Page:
Michael Portillo with engine driver Jeff Spencer and fireman Robert Edwards, examining what Bradshaw has to say about Downpatrick
The former Conservative politician and train enthusiast – turned TV presenter – Michael Portillo visited the Downpatrick and County Down Railway to film an episode of the third series of the BBC2 programme Great British Railway Journeys.
During the series Mr Portillo uses a copy of the Bradshaw Railway Guide from the 1860s to travel the parts of the original railway network that still remain today.
It was compiled by the Victorian cartographer George Bradshaw, who was best known for developing the most successful and longest published series of combined railway timetables.
The latest television series took the presenter to Ireland, where he travelled by train from Dublin, making stops in Drogheda and Newry before stopping in Downpatrick.
On his visit to the railway museum Mr Portillo had a chat on camera with its founder Gerry Cochrane and marketing manager Robert Gardiner. He also enjoyed a train journey in from Inch Abbey to the old station in Downpatrick where he visited the Down Cathedral and St Patrick’s Grave, the former is mentioned in the Bradshaw Railway Guide.
The programme is due to be aired on BBC2 sometime in February 2012.
Below is what Bradshaw has to say about Downpatrick, although brief, it is a more substantial account than other towns on the BCDR network attract:
Bradshaw’s Handbook for Tourists in Great Britain & Ireland 1866
A telegraph station.
MARKET DAY – Saturday FAIRS – First Saturday in each month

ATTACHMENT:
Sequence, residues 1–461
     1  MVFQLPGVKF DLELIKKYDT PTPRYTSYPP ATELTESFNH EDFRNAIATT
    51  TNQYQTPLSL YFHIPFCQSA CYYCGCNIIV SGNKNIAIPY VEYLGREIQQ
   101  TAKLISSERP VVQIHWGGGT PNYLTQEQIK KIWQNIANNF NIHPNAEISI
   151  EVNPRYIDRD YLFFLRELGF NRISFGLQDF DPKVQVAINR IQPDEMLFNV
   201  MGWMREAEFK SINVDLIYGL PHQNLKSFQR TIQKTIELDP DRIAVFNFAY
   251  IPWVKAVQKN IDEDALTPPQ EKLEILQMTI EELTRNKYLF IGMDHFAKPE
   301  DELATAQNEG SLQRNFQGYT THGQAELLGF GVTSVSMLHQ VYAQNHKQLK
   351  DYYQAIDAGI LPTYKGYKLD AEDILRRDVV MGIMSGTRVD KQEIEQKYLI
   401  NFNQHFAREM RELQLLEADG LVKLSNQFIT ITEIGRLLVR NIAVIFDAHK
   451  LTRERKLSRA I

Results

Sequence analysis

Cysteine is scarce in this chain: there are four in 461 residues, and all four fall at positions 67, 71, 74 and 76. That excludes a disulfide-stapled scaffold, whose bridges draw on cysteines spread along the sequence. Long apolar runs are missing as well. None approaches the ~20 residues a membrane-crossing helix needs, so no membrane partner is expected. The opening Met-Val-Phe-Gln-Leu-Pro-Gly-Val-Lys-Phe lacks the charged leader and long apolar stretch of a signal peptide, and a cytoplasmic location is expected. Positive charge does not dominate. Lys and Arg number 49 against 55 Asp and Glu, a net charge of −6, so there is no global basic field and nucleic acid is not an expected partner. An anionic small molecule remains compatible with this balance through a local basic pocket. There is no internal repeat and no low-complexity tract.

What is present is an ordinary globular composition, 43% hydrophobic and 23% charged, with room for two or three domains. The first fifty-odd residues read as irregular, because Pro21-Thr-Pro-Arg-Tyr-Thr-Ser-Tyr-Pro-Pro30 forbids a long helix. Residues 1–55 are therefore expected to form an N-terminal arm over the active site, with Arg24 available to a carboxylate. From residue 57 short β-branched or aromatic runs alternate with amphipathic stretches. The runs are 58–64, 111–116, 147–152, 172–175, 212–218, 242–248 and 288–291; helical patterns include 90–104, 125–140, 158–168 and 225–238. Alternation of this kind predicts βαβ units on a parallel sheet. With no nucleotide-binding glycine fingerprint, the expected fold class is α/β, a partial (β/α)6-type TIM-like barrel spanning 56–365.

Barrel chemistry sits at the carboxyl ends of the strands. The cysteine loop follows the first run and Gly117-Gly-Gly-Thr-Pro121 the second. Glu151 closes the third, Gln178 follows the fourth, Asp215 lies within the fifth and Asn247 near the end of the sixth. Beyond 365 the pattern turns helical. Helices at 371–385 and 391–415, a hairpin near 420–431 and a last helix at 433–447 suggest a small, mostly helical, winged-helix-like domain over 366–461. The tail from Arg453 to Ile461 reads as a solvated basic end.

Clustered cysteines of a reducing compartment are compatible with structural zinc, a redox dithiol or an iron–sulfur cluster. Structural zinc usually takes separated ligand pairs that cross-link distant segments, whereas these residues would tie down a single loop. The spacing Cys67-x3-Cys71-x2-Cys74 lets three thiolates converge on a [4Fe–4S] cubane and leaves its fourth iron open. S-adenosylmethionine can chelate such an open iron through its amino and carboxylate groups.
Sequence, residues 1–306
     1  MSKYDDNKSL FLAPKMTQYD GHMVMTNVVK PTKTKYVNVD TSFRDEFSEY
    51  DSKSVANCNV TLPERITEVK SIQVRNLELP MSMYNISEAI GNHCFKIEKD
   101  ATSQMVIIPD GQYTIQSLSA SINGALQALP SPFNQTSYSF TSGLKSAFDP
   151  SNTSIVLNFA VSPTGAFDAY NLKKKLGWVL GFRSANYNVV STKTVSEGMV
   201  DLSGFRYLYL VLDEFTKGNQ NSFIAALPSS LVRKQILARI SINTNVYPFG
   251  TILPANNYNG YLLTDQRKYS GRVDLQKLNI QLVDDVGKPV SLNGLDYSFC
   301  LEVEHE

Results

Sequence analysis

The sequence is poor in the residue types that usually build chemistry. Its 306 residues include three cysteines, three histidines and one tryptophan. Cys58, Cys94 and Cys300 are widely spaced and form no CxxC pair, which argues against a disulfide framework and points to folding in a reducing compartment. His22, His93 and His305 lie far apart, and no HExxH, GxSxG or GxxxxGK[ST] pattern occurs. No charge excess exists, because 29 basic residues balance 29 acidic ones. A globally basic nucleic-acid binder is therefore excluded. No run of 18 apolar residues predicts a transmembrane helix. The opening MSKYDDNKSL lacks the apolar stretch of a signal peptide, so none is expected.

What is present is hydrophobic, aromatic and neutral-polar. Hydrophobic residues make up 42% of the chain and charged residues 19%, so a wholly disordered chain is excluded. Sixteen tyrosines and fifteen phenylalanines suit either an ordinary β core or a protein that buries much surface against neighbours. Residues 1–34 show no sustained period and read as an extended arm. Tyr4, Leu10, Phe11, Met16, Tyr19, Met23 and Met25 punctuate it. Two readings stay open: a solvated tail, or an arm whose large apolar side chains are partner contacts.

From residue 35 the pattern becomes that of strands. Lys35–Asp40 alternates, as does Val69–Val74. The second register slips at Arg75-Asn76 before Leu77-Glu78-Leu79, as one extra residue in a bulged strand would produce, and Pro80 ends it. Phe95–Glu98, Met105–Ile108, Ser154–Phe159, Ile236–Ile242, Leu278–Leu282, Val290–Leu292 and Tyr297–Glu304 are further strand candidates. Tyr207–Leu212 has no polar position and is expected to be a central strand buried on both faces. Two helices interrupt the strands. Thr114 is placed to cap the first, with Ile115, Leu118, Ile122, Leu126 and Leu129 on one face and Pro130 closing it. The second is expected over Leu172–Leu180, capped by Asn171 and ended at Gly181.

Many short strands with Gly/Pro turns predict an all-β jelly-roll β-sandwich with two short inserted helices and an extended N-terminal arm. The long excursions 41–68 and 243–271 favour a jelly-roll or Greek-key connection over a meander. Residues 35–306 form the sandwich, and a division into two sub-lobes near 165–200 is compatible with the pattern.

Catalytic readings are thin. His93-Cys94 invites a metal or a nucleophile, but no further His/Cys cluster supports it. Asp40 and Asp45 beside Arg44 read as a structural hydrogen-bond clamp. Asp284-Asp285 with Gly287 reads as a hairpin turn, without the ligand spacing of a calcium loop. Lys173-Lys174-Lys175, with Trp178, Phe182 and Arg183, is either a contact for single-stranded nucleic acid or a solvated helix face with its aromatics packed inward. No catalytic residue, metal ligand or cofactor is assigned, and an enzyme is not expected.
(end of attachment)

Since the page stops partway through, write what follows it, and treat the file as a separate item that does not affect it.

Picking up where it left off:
Situated on the river Quoile, in a valley, at the south-west corner of Strangford Lough, has a population of about 5,000, and returns one member to parliament. The Cathedral contains the tomb of Lord Kehany; the window at the east end is worth notice.
The former Bundoran Junction (North) signal cabin is offloaded late night at Downpatrick Station
If you were travelling between Enniskillen and Belfast yesterday on the M1 you may have seen a very unusual sight – a signal cabin perched on top of a low-loader lorry on its way to its new home at the Downpatrick & County Down Railway.
The cabin used to control the north end of Bundoran Junction in Kilskeery, County Tyrone, which used to be a major junction for the Great Northern Railway (Ireland), where trains diverged to travel to places like Omagh, Enniskillen, Fintona Junction, and of course Bundoran itself, before the entire line was closed by the Stormont government on 1st October 1957.
There were once three cabins controlling the triangular junction in the remote location – one at the three points – North, South and West Cabins.
While Bundoran Junction Station survives as a private dwelling, none of the small signal cabins were thought to still survive – until a chance discussion between a DCDR member with a Fermanagh local on boat in the middle of Lough Erne revealed the location of the former Bundoran Junction (North) cabin – it had been saved to be used as a garden shed in a Ballinamallard home.